Bank of Japan Commences the First Phase of Virtual Currency Assessments
Japan’s Central Bank has begun its first testing stage involving the use of Central Bank-based Digital Currencies(CBDC), experimenting with functions like distribution and issuance. The first phase will take about one year, primed to end around the third month of 2022.
Japan’s CBDC Relations
The Bank of Japan plans to go through with the second and third phases after that, which will involve business owners’ participation in an experimental program. According to the executive director of the Central Bank, Shinichi Uchida, it will not issue CBDCs now but is prepared to offer them in the future if the need arises.
In October 2020, Japan’s Central Bank announced it would experiment on Central Bank Digital Currencies’ usability and sustainability as a necessary step. According to Uchida, the assessments will get done through a Proof-of-Concept method.
The continuation of the experiment will continue if the court sees the adoption of CBDC fit. Uchida aired his views on the possibility of CBDCs becoming a payment currency, stating,
“Essentially, the future of payment and settlement systems will depend on the technology available at the time. Safe and convenient payment and settlement systems will be developed using the technology of the time, and it is therefore uncertain whether CBDC will be required or not……..”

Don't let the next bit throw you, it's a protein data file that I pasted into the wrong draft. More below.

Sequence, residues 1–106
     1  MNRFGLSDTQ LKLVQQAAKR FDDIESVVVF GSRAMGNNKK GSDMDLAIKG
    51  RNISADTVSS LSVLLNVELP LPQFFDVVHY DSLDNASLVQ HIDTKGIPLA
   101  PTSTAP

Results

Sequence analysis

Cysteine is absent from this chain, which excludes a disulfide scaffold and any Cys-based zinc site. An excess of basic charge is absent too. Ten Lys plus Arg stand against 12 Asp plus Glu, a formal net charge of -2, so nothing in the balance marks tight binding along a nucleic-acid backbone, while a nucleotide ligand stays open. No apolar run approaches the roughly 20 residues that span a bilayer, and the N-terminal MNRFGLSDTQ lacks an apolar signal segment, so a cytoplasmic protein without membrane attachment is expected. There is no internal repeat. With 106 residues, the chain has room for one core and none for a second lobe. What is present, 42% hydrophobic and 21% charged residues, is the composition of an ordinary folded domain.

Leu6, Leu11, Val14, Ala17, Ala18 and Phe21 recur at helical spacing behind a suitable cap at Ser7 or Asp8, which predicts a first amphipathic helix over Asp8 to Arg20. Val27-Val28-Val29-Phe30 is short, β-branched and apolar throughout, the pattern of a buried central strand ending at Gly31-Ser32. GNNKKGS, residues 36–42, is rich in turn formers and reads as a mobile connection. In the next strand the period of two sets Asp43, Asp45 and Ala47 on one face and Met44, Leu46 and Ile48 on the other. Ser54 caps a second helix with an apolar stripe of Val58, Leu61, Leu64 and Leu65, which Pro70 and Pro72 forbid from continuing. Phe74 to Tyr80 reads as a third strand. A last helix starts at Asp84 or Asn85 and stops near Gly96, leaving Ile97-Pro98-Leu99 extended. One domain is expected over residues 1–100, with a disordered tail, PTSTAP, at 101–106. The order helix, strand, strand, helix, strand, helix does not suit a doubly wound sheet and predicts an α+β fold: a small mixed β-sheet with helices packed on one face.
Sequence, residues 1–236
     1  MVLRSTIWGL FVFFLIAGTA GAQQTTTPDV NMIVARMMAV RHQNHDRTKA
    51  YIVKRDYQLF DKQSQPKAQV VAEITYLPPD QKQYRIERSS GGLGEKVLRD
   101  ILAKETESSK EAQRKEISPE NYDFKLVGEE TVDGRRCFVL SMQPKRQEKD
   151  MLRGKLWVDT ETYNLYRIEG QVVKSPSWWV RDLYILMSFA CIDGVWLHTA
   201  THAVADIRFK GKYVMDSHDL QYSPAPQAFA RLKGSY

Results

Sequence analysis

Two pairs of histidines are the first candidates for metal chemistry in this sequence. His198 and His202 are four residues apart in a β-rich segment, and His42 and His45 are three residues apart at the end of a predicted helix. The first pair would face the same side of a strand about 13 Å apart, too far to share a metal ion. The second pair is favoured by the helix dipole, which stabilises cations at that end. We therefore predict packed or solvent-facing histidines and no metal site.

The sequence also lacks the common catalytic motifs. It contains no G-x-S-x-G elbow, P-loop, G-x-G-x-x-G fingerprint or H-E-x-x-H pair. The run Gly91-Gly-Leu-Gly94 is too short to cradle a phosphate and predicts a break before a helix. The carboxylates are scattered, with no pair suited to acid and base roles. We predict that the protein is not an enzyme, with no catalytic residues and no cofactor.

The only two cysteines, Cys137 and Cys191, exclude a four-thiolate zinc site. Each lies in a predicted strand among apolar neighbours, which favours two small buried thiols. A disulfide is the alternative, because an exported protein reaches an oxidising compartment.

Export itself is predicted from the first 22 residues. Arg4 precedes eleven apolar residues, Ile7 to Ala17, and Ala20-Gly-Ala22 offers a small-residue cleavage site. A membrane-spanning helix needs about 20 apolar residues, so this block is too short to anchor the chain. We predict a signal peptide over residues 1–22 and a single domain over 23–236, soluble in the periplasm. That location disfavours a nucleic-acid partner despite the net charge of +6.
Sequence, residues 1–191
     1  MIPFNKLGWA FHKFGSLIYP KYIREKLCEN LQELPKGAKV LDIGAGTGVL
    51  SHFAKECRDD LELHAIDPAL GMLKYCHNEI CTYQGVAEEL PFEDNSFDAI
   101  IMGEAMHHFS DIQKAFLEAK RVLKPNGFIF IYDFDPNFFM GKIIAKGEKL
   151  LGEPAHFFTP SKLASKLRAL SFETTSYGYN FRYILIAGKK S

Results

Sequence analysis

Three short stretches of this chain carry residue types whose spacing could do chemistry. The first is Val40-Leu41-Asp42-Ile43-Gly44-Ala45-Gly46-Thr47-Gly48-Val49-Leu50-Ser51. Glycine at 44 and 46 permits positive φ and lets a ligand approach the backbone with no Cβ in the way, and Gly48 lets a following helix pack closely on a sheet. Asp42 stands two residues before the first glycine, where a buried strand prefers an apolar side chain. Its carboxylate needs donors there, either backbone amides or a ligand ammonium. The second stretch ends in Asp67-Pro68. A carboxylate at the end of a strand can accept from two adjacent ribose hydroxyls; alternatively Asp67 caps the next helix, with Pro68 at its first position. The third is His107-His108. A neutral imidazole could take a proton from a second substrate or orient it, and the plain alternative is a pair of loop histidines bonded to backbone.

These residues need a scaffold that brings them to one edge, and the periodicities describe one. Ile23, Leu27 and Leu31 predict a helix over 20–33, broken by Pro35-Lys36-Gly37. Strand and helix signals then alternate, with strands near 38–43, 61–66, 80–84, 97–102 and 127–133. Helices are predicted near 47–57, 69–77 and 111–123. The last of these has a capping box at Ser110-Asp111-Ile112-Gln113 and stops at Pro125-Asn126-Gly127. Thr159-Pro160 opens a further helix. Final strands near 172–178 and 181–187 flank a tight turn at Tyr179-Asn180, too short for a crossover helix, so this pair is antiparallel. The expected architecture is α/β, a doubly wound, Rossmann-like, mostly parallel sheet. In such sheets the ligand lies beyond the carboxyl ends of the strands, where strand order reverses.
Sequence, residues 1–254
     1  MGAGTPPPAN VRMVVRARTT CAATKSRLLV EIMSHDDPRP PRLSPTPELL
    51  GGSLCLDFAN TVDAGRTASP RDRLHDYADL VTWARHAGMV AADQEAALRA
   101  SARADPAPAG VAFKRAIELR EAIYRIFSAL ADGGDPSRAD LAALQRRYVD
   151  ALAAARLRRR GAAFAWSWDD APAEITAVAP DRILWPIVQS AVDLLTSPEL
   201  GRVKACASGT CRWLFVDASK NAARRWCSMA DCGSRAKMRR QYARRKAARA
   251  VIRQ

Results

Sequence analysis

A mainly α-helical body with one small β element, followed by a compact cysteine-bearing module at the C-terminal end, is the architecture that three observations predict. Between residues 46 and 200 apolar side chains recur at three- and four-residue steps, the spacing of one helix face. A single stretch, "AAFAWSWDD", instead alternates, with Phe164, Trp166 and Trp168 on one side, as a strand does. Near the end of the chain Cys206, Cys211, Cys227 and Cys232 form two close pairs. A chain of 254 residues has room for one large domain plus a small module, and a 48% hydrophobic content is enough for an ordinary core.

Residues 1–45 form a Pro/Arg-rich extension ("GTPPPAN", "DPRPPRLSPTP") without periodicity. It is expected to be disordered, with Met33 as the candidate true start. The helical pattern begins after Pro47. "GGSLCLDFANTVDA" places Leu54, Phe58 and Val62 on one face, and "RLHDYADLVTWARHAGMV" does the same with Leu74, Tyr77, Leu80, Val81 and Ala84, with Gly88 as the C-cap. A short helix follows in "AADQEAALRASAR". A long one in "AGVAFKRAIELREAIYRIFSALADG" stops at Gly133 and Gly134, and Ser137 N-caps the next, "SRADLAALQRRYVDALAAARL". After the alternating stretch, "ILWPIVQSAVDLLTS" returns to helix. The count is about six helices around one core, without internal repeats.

The executive director stated that the CBDC project was met by two queries addressing its feasibility, including how many use cases it will have on the market and whether more people are willing to open bank accounts to hold the digital currencies.
Is CBDC the Future?
Uchida is confident that many Central Banks are on the lookout for CBDC’s that can be convenient for their financial systems. He said that the technology today will improve settlement systems across the globe. Other countries experimenting with Central Bank Digital Currencies include Turkey, France, the Bahamas, and Switzerland.
According to a survey by the Bank of International Settlements, emerging markets are more easily primed to adopt CBDCs than developed ones and, therefore, might quickly develop a national cryptocurrency.
Payment service platforms such as Visa and Mastercard have already joined the Central Bank-based cryptocurrency train and have included currency-backed cryptos in their payment ecosystems.
Visible, But Not There Yet
Although several nations are testing fiat-backed cryptocurrencies’ sustainability, we might be far from achieving an autonomous CBDC financial system. The question of who will provide the digital coins and how to regulate them still stands.
Institution-backed cryptocurrencies do not carry the anonymity feature that non-asset-backed digital currencies have, which has driven several people away from the assets. The need to answer the mind-bending queries raised by financial advisors is imperative before financial regulators embark on whether to dismiss or allow the usage of CBDCs.